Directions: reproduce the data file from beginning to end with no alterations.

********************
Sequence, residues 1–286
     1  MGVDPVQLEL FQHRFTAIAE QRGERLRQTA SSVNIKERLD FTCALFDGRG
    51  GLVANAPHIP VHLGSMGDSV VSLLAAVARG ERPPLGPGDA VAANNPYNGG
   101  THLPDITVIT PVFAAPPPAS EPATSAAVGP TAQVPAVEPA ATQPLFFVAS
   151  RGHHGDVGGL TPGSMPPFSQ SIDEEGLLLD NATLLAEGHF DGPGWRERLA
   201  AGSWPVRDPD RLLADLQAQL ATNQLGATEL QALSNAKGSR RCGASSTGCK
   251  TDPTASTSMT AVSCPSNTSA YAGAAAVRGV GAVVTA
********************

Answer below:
Sequence, residues 1–286
     1  MGVDPVQLEL FQHRFTAIAE QRGERLRQTA SSVNIKERLD FTCALFDGRG
    51  GLVANAPHIP VHLGSMGDSV VSLLAAVARG ERPPLGPGDA VAANNPYNGG
   101  THLPDITVIT PVFAAPPPAS EPATSAAVGP TAQVPAVEPA ATQPLFFVAS
   151  RGHHGDVGGL TPGSMPPFSQ SIDEEGLLLD NATLLAEGHF DGPGWRERLA
   201  AGSWPVRDPD RLLADLQAQL ATNQLGATEL QALSNAKGSR RCGASSTGCK
   251  TDPTASTSMT AVSCPSNTSA YAGAAAVRGV GAVVTA